The Pandemic Catalyst
The event itself was initially intended to take place in person, but the format was moved to an online conference due to pandemic restrictions in travel. While I do miss in-person events and am looking forward to being able to travel once again, I must also admit that not only can online events be successful, but they also even have some advantages.
Being able to join the event from anywhere in the world meant that speakers were able to broadcast directly to the live hosting studio from their own office – such as, in the case of Rockwell Automation CIO Chris Nardecchia, who delivered his keynote address directly from the United States.
It became clear, during our roundtable, that this reliance on the digital arena during the COVID-19 pandemic has been mirrored in industry, with many companies switching to online working for a variety of previously in-person functions. As one CIO participant put it – “The use of tools like Teams and Zoom were already embedded. What has improved is the discipline and routines to use them more efficiently.” Necessity, in this instance, not being the mother of invention, more the ‘stress-test’ of innovation.
The acceleration in the use of digital tools is also reflected in the rate of adoption for other digital transformation programmes across industry. You might say that in this way, the pandemic has been a catalyst.
At the root of all of this, is the fact that powerful data becomes liberated by total connectivity. Becoming a truly connected enterprise is what is needed to facilitate digital transformation, and the role of the CIO in this process embodies the true nature of digital transformation, since it concerns management of the people, the processes, and the technology that characterise digital transformation.
This observation brings me back to the time quotient again, as it relates to one of the most important topics of the whole conference; pilot (or scale) purgatory. The notion of pilot purgatory is that while companies have ‘tested the water’ with various digital transformation projects – and gained some success – the biggest challenge was replicating that success and scaling it across the enterprise. It’s a challenge caused by various contributing factors.
The requirement to bring together numerous technologies and software into a single connected environment, for example, is a classic technology issue. Ensuring the enterprise has the digital and data skills available where needed is more of a people issue. Breaking down the business silos within an enterprise so that teams work together effectively is a lot about both the business processes and its people.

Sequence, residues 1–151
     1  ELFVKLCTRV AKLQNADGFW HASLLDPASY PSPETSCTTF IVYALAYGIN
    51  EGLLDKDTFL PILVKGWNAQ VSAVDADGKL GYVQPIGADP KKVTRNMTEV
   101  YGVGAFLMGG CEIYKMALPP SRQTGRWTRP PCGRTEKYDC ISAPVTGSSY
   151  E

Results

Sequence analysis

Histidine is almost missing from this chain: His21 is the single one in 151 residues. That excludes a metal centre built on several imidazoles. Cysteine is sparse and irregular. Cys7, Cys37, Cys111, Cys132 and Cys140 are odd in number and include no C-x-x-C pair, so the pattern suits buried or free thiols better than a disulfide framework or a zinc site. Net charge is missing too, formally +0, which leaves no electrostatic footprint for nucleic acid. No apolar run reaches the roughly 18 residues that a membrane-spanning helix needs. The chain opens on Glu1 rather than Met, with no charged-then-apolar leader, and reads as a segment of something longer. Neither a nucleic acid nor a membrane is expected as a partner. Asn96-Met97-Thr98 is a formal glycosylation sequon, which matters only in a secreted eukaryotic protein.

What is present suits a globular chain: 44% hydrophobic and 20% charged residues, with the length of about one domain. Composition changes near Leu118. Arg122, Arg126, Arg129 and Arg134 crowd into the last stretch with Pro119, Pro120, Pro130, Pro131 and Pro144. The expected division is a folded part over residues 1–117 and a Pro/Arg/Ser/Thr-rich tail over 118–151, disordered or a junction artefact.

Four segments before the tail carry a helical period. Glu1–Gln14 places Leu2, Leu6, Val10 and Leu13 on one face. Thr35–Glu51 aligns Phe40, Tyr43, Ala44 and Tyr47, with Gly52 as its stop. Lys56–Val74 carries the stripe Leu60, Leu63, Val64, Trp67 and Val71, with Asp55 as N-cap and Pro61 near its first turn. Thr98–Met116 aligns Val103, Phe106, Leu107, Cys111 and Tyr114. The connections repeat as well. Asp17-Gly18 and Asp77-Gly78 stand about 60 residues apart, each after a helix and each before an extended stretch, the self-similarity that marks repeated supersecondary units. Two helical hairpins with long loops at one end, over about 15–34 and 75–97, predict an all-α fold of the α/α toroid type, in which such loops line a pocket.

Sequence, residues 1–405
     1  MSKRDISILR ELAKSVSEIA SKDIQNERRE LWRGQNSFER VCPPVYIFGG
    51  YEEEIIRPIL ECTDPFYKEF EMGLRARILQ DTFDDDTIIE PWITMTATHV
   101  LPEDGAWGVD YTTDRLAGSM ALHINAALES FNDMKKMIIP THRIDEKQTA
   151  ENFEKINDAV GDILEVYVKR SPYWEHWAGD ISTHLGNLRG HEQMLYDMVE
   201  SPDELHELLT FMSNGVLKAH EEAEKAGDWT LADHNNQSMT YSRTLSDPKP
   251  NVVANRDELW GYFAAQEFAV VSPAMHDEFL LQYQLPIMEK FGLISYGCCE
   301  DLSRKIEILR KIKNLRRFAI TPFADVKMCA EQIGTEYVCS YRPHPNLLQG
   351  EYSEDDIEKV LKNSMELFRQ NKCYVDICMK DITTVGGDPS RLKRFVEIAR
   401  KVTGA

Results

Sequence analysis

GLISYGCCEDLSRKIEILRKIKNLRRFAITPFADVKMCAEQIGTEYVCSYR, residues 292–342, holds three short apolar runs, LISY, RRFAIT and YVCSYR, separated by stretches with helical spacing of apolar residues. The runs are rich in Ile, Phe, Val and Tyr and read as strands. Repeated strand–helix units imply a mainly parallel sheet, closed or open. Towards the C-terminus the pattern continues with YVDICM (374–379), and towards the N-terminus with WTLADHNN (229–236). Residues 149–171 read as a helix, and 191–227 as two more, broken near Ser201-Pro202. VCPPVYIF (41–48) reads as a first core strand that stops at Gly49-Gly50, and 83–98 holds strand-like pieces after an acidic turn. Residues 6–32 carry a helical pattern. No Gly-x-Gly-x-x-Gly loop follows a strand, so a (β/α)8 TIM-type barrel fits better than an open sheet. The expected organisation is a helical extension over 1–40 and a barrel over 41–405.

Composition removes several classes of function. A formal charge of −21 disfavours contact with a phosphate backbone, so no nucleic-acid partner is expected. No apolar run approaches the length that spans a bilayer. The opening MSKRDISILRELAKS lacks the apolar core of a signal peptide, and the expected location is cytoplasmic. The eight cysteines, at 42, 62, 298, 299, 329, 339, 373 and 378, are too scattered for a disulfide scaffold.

The challenge for CIOs rarely comes at the pilot stage – it’s much more about balancing those three areas under the duress of rapid change at scale.
The Ecosystem Approach
For CIOs, the challenge can seem daunting. In a basic sense, the success of digital transformation in an industrial enterprise relies on connecting the Operational Technology (OT) and enterprise-wide IT, and this usually requires significant leadership from the CIO.
But the CIO cannot do it alone – they need strong internal and external ecosystems to bring about transformation in how the company deploys human and technological resources to change the way it operates (the processes). Internally, leadership buy-in, responsibility, and input are required from the C-suite.
Change will affect everyone, and everyone must have some agency in how change is manifested. The whole company – from the shop floor to the top floor, must feel a part of the process and have a mechanism to contribute to improvements that will shape every job role – including how they can embark on a lifelong learning programme to add requisite new skills as old tasks become automated.
Externally – external to the company, that is – the trusted ecosystem of OEMs, technology vendors, systems integrators, and supply chain must also be marshalled effectively to be sure that the best fit of external resources, from technologies to software and skills is added to the mix.
The Consultative Element
For Rockwell Automation customers, that will often mean that a digital transformation journey will include Microsoft and PTC. In the process, much of the connectivity challenge is negated by employing a pre-existing ecosystem that is designed to fit together seamlessly.
By bringing in the external ecosystem early in the planning phase, new relationships can be formed that reduce the barriers to entry – including capital expenditure through new ‘as-a-service’ models of business and ownership, for example. It may also help identify which skills and services can be brought in from the ecosystem to reduce the impact of rapid change on the plant floor.
Perhaps most importantly of all, though, this consultative, ecosystem approach can help identify how to move quickly but to implement the changes in priority order, starting with the lowest hanging fruit. This saves money, speeds ROI, and reduces risk, but perhaps most importantly, it reduces the potential for pilot or scale purgatory by saving time.
And industry is very much ‘on the clock’ to transform.
You can find out more about this, and every other aspect of creating a successful digital journey, on the Management Perspectives hub. There you’ll find resources for executive industrial decision-makers, providing the information you need to thrive in the evolving digital landscape.